- % Remote
- Team Members
Interview with Remote.co
[A] works on giant, content-heavy websites, mobile applications, and enterprise technology.
[A] simplifies complex technology for agencies and institutional clients. [A] content engineers plan and orchestrate complex customer experience management (CEM) implementations across multiple desktop and mobile channels. Often the projects involve integrations with CRM, marketing automation, ERP, and other external systems.
Agencies, healthcare, government, non-profit, higher education, advanced marketing departments, and public sector entities work with [A] as an extension of operations. From the inside, [A] engineers and consultants help clients orchestrate content strategy, content management, and content marketing platforms, systems and technologies.
[A]’s culture emerges in part from our distributed nature. We’re flexible, nimble, constantly learning, working across roles, teams, industries, and skills. It would be difficult to imagine operating [A] in a single location with fixed desks in fixed places. Our distributed nature allows us to grow our brain power, capabilities, diversity, effectiveness, and collective intelligence without the constraints of four walls in one geography.
[A]’s reasons for working in a distributed team include:
- Access to the best [A]gents wherever they reside or move.
- Ability to hire local [A]gents where our clients live and work.
- Improved diversity of all kinds.
- Improved efficiency and time impact versus commuting and managing physical logistics.
- Reduced physical constraints to growth.
- Improved experience for our [A]gents.
- Providing our clients and partners a strong distributed platform for project collaboration, improving their experience with [A].
These are the guidelines we look for when hiring a candidate:
- You like to work from your own home or other workspace, and do not need step-by-step guidance by a supervisor.
- You can communicate well with the team through the day.
- If you do not need a single well-defined job or limited set of responsibilities.
- If you are available during working hours (8:30 AM – 5:30 PM) based on Central Standard Time in the US.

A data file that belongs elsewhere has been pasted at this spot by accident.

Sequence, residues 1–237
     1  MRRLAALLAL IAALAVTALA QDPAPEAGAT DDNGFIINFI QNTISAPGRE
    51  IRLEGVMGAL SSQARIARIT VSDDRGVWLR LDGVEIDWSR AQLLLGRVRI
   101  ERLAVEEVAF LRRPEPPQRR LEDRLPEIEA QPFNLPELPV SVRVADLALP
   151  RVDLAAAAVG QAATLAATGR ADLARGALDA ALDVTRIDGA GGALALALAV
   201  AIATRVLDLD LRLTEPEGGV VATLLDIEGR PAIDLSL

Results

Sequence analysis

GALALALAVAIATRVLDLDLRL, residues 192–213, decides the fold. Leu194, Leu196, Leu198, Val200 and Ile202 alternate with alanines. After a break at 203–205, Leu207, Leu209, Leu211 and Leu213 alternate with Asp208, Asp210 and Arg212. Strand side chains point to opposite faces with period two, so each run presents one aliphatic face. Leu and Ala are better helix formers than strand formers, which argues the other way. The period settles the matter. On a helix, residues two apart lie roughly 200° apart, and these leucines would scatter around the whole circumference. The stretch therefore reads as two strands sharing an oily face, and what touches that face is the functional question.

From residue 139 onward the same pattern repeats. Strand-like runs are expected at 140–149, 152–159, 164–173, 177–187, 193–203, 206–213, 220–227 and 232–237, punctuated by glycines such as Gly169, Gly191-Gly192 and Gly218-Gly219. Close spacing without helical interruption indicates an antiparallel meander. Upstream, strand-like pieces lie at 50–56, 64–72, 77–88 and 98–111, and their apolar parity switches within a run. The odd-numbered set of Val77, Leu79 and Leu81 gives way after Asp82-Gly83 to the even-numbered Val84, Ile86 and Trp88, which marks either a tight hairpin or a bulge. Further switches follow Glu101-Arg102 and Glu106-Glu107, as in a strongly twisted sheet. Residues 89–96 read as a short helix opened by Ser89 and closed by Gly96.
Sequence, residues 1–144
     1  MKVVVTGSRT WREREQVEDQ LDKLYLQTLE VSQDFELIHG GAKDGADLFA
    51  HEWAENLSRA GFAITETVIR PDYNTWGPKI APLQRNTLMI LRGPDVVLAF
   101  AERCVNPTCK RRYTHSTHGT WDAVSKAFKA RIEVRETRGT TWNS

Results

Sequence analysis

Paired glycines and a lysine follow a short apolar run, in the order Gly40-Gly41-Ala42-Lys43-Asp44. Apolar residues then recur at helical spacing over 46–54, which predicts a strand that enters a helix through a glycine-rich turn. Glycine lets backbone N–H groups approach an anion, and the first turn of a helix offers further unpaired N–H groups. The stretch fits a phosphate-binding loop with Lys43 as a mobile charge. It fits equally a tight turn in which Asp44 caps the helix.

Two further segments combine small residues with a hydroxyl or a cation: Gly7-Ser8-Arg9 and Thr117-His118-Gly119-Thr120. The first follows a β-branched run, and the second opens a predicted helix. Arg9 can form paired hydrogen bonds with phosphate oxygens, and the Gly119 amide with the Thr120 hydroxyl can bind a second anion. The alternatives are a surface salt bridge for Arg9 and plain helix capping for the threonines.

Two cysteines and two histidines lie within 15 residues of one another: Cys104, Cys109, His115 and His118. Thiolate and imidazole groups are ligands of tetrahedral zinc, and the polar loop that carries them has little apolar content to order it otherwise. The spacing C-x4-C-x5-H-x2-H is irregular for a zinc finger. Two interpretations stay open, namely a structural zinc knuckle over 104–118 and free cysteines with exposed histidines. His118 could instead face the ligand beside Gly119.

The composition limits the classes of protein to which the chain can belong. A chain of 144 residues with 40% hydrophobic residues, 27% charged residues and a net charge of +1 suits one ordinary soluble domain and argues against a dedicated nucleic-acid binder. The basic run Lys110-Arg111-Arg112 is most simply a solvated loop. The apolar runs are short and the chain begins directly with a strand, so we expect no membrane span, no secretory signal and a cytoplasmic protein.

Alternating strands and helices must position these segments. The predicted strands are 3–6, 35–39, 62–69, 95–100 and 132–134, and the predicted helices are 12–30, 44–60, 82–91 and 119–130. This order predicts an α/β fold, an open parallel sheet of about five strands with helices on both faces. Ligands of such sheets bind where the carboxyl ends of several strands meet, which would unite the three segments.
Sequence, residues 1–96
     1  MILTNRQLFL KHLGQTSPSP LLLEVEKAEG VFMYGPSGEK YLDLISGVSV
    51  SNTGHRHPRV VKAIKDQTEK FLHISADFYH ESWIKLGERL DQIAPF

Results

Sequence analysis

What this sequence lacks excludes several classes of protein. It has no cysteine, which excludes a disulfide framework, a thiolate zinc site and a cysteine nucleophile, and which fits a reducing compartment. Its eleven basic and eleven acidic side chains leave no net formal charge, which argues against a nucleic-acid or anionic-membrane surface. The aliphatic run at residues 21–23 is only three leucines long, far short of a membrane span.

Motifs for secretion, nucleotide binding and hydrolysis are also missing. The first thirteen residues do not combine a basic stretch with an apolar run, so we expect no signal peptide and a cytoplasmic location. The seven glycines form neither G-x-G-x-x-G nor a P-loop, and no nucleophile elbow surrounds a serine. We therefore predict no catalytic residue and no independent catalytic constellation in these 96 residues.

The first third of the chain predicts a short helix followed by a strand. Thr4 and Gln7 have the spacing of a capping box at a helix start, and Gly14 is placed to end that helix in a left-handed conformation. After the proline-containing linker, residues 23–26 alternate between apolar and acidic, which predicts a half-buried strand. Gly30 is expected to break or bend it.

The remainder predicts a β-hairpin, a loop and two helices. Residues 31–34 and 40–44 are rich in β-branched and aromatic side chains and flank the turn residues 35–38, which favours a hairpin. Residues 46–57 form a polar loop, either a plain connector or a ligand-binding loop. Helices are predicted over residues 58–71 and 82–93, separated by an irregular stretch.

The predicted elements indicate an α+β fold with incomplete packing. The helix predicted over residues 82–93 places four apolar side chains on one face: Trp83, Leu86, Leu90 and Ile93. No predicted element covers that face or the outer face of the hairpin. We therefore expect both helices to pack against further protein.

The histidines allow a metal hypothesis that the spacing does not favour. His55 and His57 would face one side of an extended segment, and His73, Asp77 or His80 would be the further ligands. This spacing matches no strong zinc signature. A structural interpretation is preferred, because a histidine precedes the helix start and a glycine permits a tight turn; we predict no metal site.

- If you’re proactive, even heroic, and fundamentally an honest person.
- If you work well as a team member, and love both learning and teaching.
The process to become a full-time [A]gent has multiple stages and takes a long time. Our process weeds out people who are looking to quickly switch jobs, or who are not looking to get to know the company little-by-little. We believe no matter how good the interviews and tests are, you really don’t know somebody until you work with them. And likewise, they really don’t know what the experience of being an [A]gent is going to be like until they’ve tasted it.
We want to make sure there’s a good long-term match before we jump in to hiring anybody. So our recruiting and onboarding process has multiple steps, culminating in a test project.
The test project is a way for us to get to know each other by working together. We believe that too many times interviews do not give us enough of a clear idea of what it’s actually like to collaborate and work with someone. By working on a project with [A], applicants also get to know some of what the real world looks like behind-the-scenes and decide if it’s a good environment that works well with the way she or he likes to operate and experience life.
After we have a contracting agreement in place, candidates go through an Onboarding and Orientation process. This involves getting to know the relevant systems the candidate will be working with like email, JIRA, source control, QA and communication tools. The process continues for successful candidates towards either an ongoing contract role, or towards full-time.
We have general guidelines for communication and signaling within our distributed team, but we anchor a lot of communication around daily and weekly synchronous rhythms, such as scrums, reports, and standard emails. We find it’s best to not micromanage work styles or even tools, but to provide a framework. However, we do have a strong dependence on work hours being managed in a single time zone, and we currently do not work with anyone full-time that’s more than 3 hours away from Central Time.
We rely on the outputs from both independent and team work to understand how individual [A]gents are doing. We also are able to evaluate detailed time logs, kudos received from other [A]gents, client feedback, project quality measures, and overall performance of an account team, practice group, or knowledge area.